Antitrust Investigations Into Supply of Construction Chemicals

19 Desember 2023

The construction industry has been under the watchful eye of the United Kingdom’s Competition and Markets Authority (CMA) in recent times and there have been a number of high profile fines and director disqualifications. For example: 

  • The CMA has fined 10 construction firms a total of nearly £60 million in March 2023 for illegally colluding to rig bids for demolition and asbestos removal contracts involving both public and private sector projects. The CMA has also secured the disqualification of three directors of firms involved in the unlawful conduct (see here). Parties fined: Brown and Mason (£2,400,000), Cantillon (£1,920,000), Clifford Devlin (£423,615), DSM (£1,400,000), Erith (£17,568,800), JF Hunt (£5,600,000), Keltbray (£16,000,000), McGee (£3,766,278), Scudder (£8,256,264), and Squibb (£2,000,000).
  • The CMA fined Vp and MGF, who supply groundworks products, a total of over £15 million in 2020 for illegally sharing confidential information relating to current and future pricing and coordinating their commercial activities to reduce strategic uncertainty (see here).
  • On 17 October 2023, the competition authorities in the European Union, United Kingdom, Turkey, and United States confirmed that they carried out parallel dawn raids (surprise inspections) at the premises of companies active in the supply of chemicals for use in the construction industry, such as admixtures and additives for use in concrete, cement, mortars, and related construction products. 

What is it about?

  • The most recent investigations, which occurred in October 2023, are based on the suspicion that the chemicals companies have engaged in illegal cartels. 
  • Because the investigations are still in their early stages, the authorities have not yet officially disclosed the identities of the investigated companies. However, a number of major construction chemicals producers have already made public statements confirming they have been raided and are cooperating. We understand that some trade associations may also be targeted in these investigations. 
  • The fact that dawn raids have taken place implies that the competition authorities have sufficient information about the alleged cartel conduct to have commenced the investigations. It is often the case that such intelligence is provided to the authorities following a tip-off from a whistleblowing customer, competitor, or disgruntled employee who has been involved in, or impacted by, the practice of which was complained. Cartel members (and in some countries, individuals) are incentivised to blow the whistle to receive immunity from large fines and criminal prosecution.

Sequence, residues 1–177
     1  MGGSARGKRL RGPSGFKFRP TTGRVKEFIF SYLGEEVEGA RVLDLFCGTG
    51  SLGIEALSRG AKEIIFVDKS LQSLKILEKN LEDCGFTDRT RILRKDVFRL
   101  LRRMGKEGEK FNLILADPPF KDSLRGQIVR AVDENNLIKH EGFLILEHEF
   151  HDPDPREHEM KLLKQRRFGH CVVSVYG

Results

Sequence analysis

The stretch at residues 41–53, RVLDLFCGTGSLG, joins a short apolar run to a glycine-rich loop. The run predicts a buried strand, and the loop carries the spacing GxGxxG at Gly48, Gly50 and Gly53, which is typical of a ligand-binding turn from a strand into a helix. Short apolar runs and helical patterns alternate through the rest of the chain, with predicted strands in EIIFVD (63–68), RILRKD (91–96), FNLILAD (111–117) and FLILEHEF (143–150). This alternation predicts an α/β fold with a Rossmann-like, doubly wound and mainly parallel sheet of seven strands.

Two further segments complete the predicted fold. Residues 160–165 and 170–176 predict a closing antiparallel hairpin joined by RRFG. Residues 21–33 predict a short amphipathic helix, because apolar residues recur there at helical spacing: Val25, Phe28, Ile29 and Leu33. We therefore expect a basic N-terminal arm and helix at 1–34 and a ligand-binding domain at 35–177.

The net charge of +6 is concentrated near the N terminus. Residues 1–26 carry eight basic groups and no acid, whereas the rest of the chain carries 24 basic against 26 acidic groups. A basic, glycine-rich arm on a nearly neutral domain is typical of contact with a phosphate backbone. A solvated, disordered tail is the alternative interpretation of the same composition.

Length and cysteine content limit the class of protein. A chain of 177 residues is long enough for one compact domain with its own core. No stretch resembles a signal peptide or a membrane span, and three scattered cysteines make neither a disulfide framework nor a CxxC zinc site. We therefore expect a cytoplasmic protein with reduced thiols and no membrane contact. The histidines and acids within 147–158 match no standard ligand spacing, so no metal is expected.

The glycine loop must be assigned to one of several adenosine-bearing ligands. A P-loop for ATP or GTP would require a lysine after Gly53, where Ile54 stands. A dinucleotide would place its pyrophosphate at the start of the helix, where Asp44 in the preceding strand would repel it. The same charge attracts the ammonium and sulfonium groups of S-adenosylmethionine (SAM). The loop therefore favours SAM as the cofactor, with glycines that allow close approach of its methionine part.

Why is it of interest?

  • As part of their investigations, the competition authorities may reach out to relevant suppliers, customers, and competitors in the sector with formal mandatory requests for information.
  • Interested parties, or companies who hold relevant information, may also voluntarily come forward to the competition authorities and provide any further background or evidence. 
  • In addition, where competition law is breached, any harmed party may bring a private claim for damages against the cartelists:
    • Customers who have bought concrete, cement, etc. (whether directly or indirectly) that included the cartelised chemicals may have been overcharged, and might be entitled to bring a claim for damages. 
    • Third party entities, who are not direct or indirect customers of the cartelised product(s) but who may also have suffered damage due to the effect that the cartel may have had on market(s) where such entities are present, may also have a right to bring a claim for damages. This right of so-called “umbrella plaintiffs” to sue the cartel participants is long-established and has been confirmed in cases such as Otis GmbH and Others (which can be read here). 
    • In fact, the European suppliers of construction chemicals who were on the radar of antitrust authorities in October 2023 are now all facing a class action damages claim in the United States over the alleged price fixing, which is said to have affected a wide range of market players in the construction industry. The claim was initiated by a general contractor supply company.

If you would like to discuss the potential implications of these investigations for your business with us and our Antitrust, Competition, and Trade Regulation team members, please get in touch.